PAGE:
Banking and ancient races, these are two of the main forces driving the narrative of the characters of and world events in Daniel Abraham’s The Tyrant’s Law. The novel is the third book of his series The Dagger and the Coin, and is further proof that Daniel is crafting what is arguably one of the finest long form epic stories of the 21st Century.
The main players of the series have been scattered, following their own character arcs despite each of those arcs being connected to the Lord Regent of Antea Geder Palliako (more on that below).
Geder is ruling the empire as regent in the place of the young prince Aster, whose youth prevents him from fully taking the throne. Fueling much of Geder’s power is the growing cult of the spider goddess, churches of which have been established throughout the empire.
Geder’s powerful tyrannical influence in the world has left Clara Kalliam’s family in disgrace, her husband killed and branded as a traitor in the previous novel The King’s Blood. Though she was raised to POV character in the previous novel, she has much more impact and is a greater presence here in The Tyrant’s Law. Clara’s sons have spoken out against their father and one of her sons in particular, Jorey, has re-won the favor of Geder since the two were childhood friends. Meanwhile, Clara’s been cast down the social ladder and gets a better idea of how much of an impact Geder’s tyrannical reign of power is affecting people. From the bottom of society, Clara is moving pieces on a chessboard of her own making in order to take down Geder.
Cithrin bel Sarcour’s past dalliance with Geder provides much tension as she ruminates on how to improve the world from her standpoint as a Medean banker. Her role in the bank provides great access to power and control, though she’s still beholden to the rules of the kingdom as enforced by the word of Geder. Abraham does not provide easy choices for his characters, and perhaps Cithirn exemplifies this most profoundly. While he doesn’t outright torture his characters in the same way Robin Hobb tortures her characters, Abraham’s character’s decisions come with consequences that are far from pleasant, despite the decision the character makes. It is rarely a “best” choice but rather a “least bad” choice.
The fourth POV character is Captain Marcus Wester, a man who left Cithrin in the previous volume with many unresolved feelings and with little warning to his former ward. Wester is acting as a companion and protector for former actor and apostate of the spider goddess cult, Kit. The two men’s storyline forms something of a quest as they search for the spider herself, as well as magical items they hope will help to bring down the cult of the spider goddess. What they eventually find is a more surprising reality than they expected.
I’ve previously remarked on how empowering Abraham’s female characters are—they operate as active characters who take control of their lives rather than react to the men around them. Clara’s story arc was perhaps the strongest, whether this was because she was new or because it was the most complex. The fact that she is a widow is a great indicator that she has a fresh start, Clara takes that proverbial ball and runs with it, awakening many aspects of herself she thought she knew—her mind, her drive for justice, her sexuality. She walks a thin line which divides the surface appearance of her actions and the true intent of her actions. As the series progresses, I suspect this line will only become thinner as her maneuverings have a greater effect on the world at large.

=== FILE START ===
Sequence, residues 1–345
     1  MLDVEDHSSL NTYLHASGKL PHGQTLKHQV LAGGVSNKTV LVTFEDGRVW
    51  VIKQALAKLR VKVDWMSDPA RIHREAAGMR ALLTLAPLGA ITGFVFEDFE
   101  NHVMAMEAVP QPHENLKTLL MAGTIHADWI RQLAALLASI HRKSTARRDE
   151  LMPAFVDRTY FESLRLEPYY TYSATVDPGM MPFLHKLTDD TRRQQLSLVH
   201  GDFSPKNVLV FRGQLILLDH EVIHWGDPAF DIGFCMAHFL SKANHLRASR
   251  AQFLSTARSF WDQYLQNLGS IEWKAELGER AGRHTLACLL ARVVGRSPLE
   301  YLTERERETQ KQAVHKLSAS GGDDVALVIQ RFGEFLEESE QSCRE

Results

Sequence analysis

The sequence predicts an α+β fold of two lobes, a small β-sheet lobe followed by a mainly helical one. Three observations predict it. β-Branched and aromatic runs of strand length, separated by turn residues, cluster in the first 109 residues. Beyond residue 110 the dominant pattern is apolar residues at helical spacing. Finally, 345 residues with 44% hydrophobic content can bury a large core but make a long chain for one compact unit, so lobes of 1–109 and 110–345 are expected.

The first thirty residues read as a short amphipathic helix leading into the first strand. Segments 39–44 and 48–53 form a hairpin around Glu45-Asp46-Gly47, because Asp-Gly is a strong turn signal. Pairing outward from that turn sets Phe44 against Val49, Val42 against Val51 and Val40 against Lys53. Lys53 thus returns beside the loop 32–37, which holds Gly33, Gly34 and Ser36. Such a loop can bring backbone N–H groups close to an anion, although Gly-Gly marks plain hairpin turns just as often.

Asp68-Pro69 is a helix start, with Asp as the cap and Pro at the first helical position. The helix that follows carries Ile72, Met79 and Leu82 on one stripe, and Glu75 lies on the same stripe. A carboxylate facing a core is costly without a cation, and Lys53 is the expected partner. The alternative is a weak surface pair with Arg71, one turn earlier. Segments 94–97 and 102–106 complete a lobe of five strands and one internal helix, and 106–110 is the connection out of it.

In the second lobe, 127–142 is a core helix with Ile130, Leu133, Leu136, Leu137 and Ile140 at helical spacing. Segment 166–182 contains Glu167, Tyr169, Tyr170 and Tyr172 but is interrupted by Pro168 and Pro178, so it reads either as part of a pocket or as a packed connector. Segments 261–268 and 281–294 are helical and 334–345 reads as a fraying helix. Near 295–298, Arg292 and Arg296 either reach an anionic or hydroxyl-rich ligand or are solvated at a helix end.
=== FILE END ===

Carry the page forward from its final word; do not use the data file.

In Geder, the super-villain protagonist arc continues to a greater degree from the previous volume. Despite how other characters feel about him, particularly Clara and Wester, it is difficult to dispute some of the decisions he makes and at times, even empathize with those decisions. He isn’t entirely unlikeable, which adds to his strength as a character. Geder sees himself as acting in the best interest of the land he is ruling. The proactive decisions he makes about the empire and how to enforce its strength and growth are, in some senses, reactions to how he perceives other characters view him. An event towards the end of the novel will likely prove to be the tipping point that pushes him over the edge into true Lex Luthor/Walter White (the villain protagonist of Breaking Bad) territory and cement him as the human-facing Big Bad of the series.
By keeping the viewpoint to four characters, Abraham gives himself the freedom to provide readers a greater insight to each of the characters and to impart upon them believability, plausibility and empathy. In this sense, the intimacy we get as readers allows us to feel a greater sense of urgency of the epic events of the novel as a whole as they affect both the world and those characters we’ve come to know.
On the one hand, it is difficult to distill into one review the pure enjoyment the settles into me when I read these books (or as I’m coming to realize, anything Daniel Abraham writes). As the pages would slide past, the small movements of Abraham’s narrative come together to former a great whole that informs the novel as it barrels forward with powerful momentum and my own realization of how smart and excellent a writer Daniel Abraham is.
I’ve long been a fan of Epic Fantasy and when it is handled properly, expertly, there’s no form of entertainment I’d rather be enjoying. Such is the case with the books in The Dagger and the Coin. Everything he’s done in the previous novels so well, Abraham continues to do well here in The Tyrant’s Law.
The series is highly recommended and so is this particular installment, but with the caveat that you go and immediately read The Dragon’s Path and The King’s Blood.
The Tyrant’s Law is published by Orbit. It comes out May 14.